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The Very Likely Ending Quite Quickly Geocoding Thread

My Geocoding Service(s) of Choice:

  • Texas A&M University

    Votes: 1 14.3%
  • Pitney Bowes

    Votes: 0 0.0%
  • Bing

    Votes: 1 14.3%
  • Google

    Votes: 2 28.6%
  • Map Quest

    Votes: 0 0.0%
  • E$ri

    Votes: 1 14.3%
  • My cousin Julio has a 'friend' who gets a 'deal' on geocodes that get 'damaged' at the docks.

    Votes: 0 0.0%
  • Another service which I will name in a post shortly.

    Votes: 1 14.3%
  • What is this geocoding nonsense?

    Votes: 4 57.1%

  • Total voters
    7
  • Poll closed .

el Guapo

Capitalist
Messages
5,941
Points
28
Cyburbia hasn't had a thread about geocoding since 2014. I do a lot of geocoding for various clients and I'm always on the look out for faster, better, and cheaper platforms. So, what geocoding services are you using and why?

I've used the Texas A&M University geocoding services when I had a client that wanted it fast. But, if time is not a consideration I've been using GPS-Visualizer's Bing Maps API. I just load 10,000 addresses and comeback a few hours later. And it's free.

I've used E$RI and they sure are proud of their geocoding $ervices. I've also used the Google and MapQuest API through GPS-Vizualizer. However, to my suprise the Bing geocoding results tend to be more accurate.

Thoughts?
 

Dan

Dear Leader
Staff member
Moderator
Messages
17,154
Points
51
There's also the US Census and Here.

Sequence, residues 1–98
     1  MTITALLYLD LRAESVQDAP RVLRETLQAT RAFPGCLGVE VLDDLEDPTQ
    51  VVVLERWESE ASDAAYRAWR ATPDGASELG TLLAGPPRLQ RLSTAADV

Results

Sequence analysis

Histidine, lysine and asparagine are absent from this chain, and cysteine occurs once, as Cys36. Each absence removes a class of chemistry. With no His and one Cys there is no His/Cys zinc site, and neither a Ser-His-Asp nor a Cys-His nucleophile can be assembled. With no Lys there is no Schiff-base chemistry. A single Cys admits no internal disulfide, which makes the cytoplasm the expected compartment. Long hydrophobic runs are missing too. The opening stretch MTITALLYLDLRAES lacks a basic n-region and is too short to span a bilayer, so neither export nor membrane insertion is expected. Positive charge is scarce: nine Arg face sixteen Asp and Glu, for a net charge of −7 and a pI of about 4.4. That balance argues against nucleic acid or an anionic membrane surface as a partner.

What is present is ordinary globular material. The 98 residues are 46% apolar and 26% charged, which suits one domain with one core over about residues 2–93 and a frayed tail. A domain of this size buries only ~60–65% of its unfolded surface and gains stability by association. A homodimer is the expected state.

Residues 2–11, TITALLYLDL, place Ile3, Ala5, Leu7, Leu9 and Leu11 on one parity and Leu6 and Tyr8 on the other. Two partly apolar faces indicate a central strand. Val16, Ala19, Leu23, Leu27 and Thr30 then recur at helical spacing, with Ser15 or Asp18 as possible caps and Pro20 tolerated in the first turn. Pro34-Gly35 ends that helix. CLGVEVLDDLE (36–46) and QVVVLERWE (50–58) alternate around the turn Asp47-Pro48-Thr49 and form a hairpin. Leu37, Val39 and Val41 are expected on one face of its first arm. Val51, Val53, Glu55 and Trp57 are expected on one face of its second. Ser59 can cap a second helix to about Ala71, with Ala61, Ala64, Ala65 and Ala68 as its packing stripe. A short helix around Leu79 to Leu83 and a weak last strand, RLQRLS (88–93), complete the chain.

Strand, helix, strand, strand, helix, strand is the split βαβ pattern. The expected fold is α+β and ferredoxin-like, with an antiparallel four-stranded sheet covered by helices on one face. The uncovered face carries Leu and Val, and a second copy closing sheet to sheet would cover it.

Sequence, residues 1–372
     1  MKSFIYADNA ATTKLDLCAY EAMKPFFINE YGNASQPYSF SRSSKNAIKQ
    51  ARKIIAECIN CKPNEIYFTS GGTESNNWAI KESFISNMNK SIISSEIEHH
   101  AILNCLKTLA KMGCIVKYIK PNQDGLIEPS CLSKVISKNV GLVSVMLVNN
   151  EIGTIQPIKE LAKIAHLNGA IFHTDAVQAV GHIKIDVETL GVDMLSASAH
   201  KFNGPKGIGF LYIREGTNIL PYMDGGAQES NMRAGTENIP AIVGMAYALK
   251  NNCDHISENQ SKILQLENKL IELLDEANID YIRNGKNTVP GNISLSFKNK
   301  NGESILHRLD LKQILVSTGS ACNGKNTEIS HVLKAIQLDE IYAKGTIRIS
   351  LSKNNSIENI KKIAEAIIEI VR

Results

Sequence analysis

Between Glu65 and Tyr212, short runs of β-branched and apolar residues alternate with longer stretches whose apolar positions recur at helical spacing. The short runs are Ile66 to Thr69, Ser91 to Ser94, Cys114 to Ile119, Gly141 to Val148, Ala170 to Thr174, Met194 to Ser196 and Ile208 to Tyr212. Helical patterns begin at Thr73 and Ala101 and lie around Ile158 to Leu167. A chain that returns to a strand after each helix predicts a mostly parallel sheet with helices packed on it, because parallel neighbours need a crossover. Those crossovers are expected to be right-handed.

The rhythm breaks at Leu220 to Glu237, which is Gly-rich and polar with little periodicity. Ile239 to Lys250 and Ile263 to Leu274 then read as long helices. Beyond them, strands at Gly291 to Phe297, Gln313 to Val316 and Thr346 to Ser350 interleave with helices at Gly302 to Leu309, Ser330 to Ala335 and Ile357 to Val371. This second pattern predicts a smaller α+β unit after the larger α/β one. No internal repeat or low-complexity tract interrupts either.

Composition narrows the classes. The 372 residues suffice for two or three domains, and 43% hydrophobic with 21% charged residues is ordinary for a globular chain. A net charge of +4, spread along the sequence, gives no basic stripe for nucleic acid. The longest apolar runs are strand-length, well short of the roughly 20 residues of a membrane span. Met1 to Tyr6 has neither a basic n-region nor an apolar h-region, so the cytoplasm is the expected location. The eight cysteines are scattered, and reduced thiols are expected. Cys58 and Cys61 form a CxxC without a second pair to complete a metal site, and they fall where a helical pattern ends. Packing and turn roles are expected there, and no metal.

I'd say if Bing works, why change it? Bing Maps is pretty good in general -- a Strretview alternative, Pictometry isometric photos, and the location API. TAMU geocoding is free, and I think it's based on Census data.

FWIW, Bing and Google geocoding located my house perfectly. (We live in a cluster subdivision where three houses share a driveway, and our house is hard to find from the street.)
 

RandomPlanner

Cyburbian
Messages
1,474
Points
21
There's also the US Census and Here.

I'd say if Bing works, why change it? Bing Maps is pretty good in general -- a Strretview alternative, Pictometry isometric photos, and the location API. TAMU geocoding is free, and I think it's based on Census data.

FWIW, Bing and Google geocoding located my house perfectly. (We live in a cluster subdivision where three houses share a driveway, and our house is hard to find from the street.)
Being a NYer, I have used and loved Pictometry and it still blows my mind that Bing is the company that shares it with the general public. It's the only reason I ever use Bing.
 

WSU MUP Student

Cyburbian
Messages
9,284
Points
28
I'll use different geocoding services based on what data I have. If I have lat/lon information for all the records, I will usually use Google just because of how fast it is and how easy it is to share the results. Of course there are limitations on how you can manipulate the results but I think that's a fair tradeoff for the ease of use.

If I am using street addresses and am going to add the results to an existing projection as part of a bigger process, I will go ahead and use the geocoder in ESRI. Our IT department has given us our own plugin that works really well if we are only geocoding locations within our region, which usually is fine for my needs.

If I am working on something in Excel and decide I want to quickly geocode some locations to see how the data plays out spatially, I will use the "ArcGIS Maps for Office" plugin which links up with our Business Analyst enterprise account and allows me to work with with a lot of different workbooks and then I can save the map to my Business Analyst Online or ArcGIS Online account and do a lot more analysis there if I deem that to be necessary. My one complaint with the ArcGIS Maps for Office is that they don't allow me to find geographies by FIPS Codes so it works really great for point locations but not polygons (at least not at when wanting to look at a huge group of tracts or block groups at once).
 
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